This book provides an account of the distinctive way in which penal power developed outside the metropolitan centre. Proposing a radical revision of the Foucauldian thesis that criminological knowledge emerged in the service of a new form of power - discipline - that had inserted itself into the very centre of punishment, it argues that Foucault's alignment of sovereign, disciplinary and governmental power will need to be reread and rebalanced to account for its operation in the colonial sphere. In particular it proposes that colonial penal power in India is best understood as a central element of a liberal colonial governmentality.
To give an account of the emergence of this colonial form of penal power that was distinct from its metropolitan counterpart, this book analyses the British experience in India from the 1820s to the early 1920s. It provides a genealogy of both civil and military spheres of government, illustrating how knowledge of marginal and criminal social orders was tied in crucial ways to the demands of a colonial rule that was neither monolithic nor necessarily coherent. The analysis charts the emergence of a liberal colonial governmentality where power was almost exclusively framed in terms of sovereignty and security and where disciplinary strategies were given only limited and equivocal attention.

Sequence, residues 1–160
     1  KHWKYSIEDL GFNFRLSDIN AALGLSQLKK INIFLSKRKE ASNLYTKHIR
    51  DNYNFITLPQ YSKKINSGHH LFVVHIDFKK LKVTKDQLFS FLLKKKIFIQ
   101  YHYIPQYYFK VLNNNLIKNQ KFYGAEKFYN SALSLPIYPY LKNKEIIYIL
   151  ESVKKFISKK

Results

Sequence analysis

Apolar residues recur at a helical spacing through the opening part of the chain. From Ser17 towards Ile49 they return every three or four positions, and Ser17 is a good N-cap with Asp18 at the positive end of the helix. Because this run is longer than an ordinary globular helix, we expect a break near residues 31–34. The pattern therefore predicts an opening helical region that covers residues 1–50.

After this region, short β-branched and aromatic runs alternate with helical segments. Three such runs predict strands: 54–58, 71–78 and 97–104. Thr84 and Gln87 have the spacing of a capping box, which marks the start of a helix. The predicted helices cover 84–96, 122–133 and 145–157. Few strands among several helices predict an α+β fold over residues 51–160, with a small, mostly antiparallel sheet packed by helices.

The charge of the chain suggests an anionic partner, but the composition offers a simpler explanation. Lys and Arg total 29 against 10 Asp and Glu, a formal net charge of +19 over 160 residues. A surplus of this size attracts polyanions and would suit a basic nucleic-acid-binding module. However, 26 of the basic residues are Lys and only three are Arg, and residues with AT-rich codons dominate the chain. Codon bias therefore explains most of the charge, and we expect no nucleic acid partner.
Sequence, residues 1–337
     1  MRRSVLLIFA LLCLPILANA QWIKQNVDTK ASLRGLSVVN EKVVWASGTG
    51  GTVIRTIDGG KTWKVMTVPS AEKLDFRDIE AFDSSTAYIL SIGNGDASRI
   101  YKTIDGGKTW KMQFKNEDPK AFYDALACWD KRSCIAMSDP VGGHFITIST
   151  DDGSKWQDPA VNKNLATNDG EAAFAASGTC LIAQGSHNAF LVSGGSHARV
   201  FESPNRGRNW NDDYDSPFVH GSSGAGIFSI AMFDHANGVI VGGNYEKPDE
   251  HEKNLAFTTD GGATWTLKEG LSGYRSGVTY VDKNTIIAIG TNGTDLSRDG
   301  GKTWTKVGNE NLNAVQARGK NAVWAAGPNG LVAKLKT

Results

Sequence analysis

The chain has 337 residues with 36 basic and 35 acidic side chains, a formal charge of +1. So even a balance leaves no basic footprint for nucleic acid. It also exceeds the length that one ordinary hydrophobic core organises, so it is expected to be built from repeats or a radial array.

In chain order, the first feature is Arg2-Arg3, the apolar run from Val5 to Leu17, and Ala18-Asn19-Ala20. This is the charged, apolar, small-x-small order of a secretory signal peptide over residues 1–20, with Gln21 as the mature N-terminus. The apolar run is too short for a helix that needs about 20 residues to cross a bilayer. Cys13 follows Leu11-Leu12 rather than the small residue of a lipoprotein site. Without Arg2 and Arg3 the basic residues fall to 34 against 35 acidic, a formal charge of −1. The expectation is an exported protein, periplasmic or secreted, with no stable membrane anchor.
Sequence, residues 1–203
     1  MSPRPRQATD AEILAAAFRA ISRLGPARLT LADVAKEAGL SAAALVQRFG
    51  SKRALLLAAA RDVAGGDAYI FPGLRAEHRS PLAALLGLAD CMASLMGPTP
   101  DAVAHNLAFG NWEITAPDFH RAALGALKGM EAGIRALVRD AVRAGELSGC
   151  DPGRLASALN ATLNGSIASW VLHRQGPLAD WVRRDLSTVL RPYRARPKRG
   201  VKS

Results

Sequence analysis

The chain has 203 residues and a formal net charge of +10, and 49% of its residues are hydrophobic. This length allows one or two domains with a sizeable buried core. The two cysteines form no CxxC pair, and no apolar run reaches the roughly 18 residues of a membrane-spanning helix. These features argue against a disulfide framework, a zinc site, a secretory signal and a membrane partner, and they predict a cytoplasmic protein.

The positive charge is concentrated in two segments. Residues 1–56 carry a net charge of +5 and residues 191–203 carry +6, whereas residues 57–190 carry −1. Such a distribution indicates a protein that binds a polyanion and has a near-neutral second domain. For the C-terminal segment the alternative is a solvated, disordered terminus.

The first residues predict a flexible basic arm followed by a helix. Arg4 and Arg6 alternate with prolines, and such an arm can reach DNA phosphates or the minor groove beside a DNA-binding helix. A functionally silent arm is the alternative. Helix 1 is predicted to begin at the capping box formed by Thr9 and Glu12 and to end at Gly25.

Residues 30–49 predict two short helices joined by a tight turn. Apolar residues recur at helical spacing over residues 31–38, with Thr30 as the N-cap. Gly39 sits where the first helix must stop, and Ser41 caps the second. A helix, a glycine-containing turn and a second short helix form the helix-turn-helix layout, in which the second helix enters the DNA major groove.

Drawing on post-colonial theory, Penal Power and Colonial Rule opens up a new and unduly neglected area of research. An insightful and original exploration of theory and history, this book will appeal to students and scholars of Law, Criminology, History and Post-colonial Studies.
Dr Mark Brown is a Senior Lecturer in the School of Law, Sheffield University, UK, and an Honorary Senior Fellow in the School of Social and Political Sciences at the University of Melbourne, Australia. Previously based in Geneva, he worked as a law and justice consultant focused on actors in the international sphere. His earlier academic career was spent in Australia where he was in the criminology program at the University of Melbourne. He has also been a visiting professor at the Institute for Criminology and Criminal Law at the University of Lausanne and at Delhi University Law School. He is co-author of Penal Culture and Hyperincarceration (Routledge 2013) and author of Penal Power and Colonial Rule (Routledge 2014) and the forthcoming Remaking Criminology.
Preface 1. Introduction 2. Colonial Governmentality 3. Immanence and Discovery: Thugs and Native Subjectivity 4. Between History and Nature: Visions of Native Crime and Social Marginality 5. The Temptations of Domination: Framing Disorder 6. Liberal Ontologies: Fashioning the Criminal Tribe 7. The State as Practice: Establishing a Modern Milieu 8. Penal Power and Colonial Rule